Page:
At the other end of the building chain, the owners often have a requirement to capture and calculate their emissions and footprint for reporting upstream to investors and lenders. This dual responsibility for the same asset can lead to double (or triple) counting. In this scenario, the emissions of one party are counted as those of the other when it comes to the built assets themselves and their scope 1 and 2 emissions.
Owner vs Occupier Responsibilities
Some existing methodologies can give quick data that allow for assessments, including current reporting such as display energy certificates (DECs). However, these are blunt tools for determining energy consumption and subsequent emissions, capturing data as a whole, baseload, and operational use.
To separate owner and occupier responsibilities, establishing an effective dialogue between the asset owner and the asset user is essential. This means that data capture is accurate, reporting figures are accurate, set targets are realistic, and effective decarbonisation strategies are developed. The process is not straightforward, but the correct apportioning of emissions is achievable with effective collaboration. A goal which is especially important when offsetting is under consideration to avoid the undue cost to the occupants.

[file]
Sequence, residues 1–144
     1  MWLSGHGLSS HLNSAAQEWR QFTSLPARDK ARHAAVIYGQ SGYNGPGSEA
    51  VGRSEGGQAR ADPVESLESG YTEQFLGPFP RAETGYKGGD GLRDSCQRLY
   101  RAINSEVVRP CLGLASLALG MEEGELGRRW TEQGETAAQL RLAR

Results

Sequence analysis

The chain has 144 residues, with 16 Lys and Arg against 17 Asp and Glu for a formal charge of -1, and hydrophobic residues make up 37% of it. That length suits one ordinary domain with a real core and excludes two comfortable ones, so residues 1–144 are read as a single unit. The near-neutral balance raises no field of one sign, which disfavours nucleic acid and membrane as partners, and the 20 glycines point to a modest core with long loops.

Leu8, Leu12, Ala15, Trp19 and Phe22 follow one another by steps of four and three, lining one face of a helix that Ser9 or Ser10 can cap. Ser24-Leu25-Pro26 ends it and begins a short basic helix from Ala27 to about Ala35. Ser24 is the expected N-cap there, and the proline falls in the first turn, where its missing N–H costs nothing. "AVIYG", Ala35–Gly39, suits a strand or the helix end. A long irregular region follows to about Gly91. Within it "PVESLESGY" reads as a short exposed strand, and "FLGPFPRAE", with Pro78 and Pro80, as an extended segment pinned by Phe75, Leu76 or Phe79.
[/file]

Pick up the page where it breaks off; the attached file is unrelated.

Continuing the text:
If parties try to approach the decarbonisation strategy for the asset and its systems individually, the situation becomes equally complicated. A typical example is where a public sector body establishes what it determines as realistic targets for decarbonisation. However, achieving such goals requires changes to systems outside of its control.